One thing that really astounded me was how much my daughter craved to be with me. Which really caught me by surprise. Both the fact that she needed me so much and the fact that I didn’t realize how much babies needed their moms. Of course I knew that babies needed their moms and someone to raise them. But let me illustrate what I mean. After a long day of work, I came home to my daughter. She glanced up at me coming through the front door and flashed me a huge smile! She squealed with delight. It was one of the most heartwarming things I’ve ever seen. I was¬†her mom. And she was waiting all day to see me.¬†She was much more settled since I was home. I greeted her and held her close. I played with her on the floor and read her a story. I nursed her and change her diaper. After a while I sat her down so that I could have a bite to eat for dinner. And she often cried because she wanted me to hold her even longer. She’s missed me so much all day. And she wanted to spend more time with me. She also had a difficult time being held by new people, even to the point where it was difficult for me to find a babysitter to allow for me to leave the house without her. She had major separation anxiety. And she just loved being with me so much! She cried in her bassinet seemingly inconsolably. She was instantly soothed when I picked her up and held her close. She fell asleep again. She sat up in her crib and cried. I placed my hand on her back and she immediately fell back asleep at the gentlest touch to let her know I was there.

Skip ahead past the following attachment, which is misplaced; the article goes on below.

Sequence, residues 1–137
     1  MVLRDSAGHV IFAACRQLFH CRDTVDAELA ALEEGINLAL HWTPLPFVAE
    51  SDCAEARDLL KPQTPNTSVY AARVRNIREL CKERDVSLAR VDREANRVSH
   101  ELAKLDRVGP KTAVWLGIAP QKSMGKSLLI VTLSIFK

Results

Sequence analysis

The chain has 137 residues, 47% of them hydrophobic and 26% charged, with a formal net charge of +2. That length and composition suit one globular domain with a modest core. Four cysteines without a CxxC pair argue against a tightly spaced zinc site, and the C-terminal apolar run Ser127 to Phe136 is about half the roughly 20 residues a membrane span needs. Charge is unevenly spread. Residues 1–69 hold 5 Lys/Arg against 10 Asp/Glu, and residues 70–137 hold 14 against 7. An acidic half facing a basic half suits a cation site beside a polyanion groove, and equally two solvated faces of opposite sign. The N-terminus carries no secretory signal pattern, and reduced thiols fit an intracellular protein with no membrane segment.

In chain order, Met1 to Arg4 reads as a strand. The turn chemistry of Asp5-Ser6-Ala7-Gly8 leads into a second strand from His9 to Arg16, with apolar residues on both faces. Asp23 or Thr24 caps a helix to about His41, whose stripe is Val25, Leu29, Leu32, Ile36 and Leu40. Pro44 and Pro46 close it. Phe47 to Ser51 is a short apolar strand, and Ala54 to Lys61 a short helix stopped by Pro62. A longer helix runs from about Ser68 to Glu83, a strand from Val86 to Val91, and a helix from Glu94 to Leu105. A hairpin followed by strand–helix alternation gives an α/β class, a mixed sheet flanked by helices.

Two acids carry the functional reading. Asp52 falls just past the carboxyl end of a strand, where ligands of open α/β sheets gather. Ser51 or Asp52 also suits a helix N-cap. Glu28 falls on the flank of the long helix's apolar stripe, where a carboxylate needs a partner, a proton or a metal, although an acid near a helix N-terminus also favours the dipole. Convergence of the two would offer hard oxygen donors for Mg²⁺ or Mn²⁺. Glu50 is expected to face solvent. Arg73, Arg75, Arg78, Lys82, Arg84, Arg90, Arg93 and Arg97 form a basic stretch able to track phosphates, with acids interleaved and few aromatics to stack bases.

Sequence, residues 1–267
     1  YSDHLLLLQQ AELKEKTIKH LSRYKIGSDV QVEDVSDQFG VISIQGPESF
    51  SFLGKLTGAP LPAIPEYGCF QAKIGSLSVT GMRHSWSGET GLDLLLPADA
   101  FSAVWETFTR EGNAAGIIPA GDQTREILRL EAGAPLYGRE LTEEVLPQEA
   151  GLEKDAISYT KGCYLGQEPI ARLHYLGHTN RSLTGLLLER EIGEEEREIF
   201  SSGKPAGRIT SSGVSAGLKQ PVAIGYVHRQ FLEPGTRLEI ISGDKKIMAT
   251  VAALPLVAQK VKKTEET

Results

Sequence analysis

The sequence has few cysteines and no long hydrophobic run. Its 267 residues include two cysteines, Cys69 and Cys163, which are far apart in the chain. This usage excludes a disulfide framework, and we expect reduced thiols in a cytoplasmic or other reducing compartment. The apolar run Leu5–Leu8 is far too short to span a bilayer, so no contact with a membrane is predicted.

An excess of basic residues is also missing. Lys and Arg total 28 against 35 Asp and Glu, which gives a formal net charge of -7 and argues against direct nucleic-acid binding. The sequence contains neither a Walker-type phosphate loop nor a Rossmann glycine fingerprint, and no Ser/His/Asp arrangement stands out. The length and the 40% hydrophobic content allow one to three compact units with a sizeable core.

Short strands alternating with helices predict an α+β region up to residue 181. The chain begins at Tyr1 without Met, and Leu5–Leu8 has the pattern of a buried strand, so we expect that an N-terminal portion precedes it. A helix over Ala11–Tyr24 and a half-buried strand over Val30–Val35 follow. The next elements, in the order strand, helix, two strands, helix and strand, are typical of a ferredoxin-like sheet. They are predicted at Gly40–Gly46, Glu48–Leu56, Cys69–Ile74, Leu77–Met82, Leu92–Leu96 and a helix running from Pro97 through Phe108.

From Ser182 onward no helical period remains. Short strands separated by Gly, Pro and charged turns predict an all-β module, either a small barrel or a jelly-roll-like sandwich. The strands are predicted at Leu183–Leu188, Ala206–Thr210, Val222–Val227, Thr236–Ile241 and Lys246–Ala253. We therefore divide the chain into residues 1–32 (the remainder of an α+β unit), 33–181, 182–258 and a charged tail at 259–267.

This was par for the course for how her almost entire first year of life has been. It actually surprised me. How deeply my baby¬†craved to be near me¬† and how much my presence soothed her. I’m not sure if it was being separated from my biological mother when she passed away when I was four months old, or my own insecurities. But one thing that I’ve struggled with since becoming a mom is realizing how completely normal this connection of a baby to her mom is. A part of me feels like these are new concepts; that 1) My¬†baby can’t live without her mom, 2) she craves spending time with her mom and 3) this mother-daughter connection¬†is indeed very special.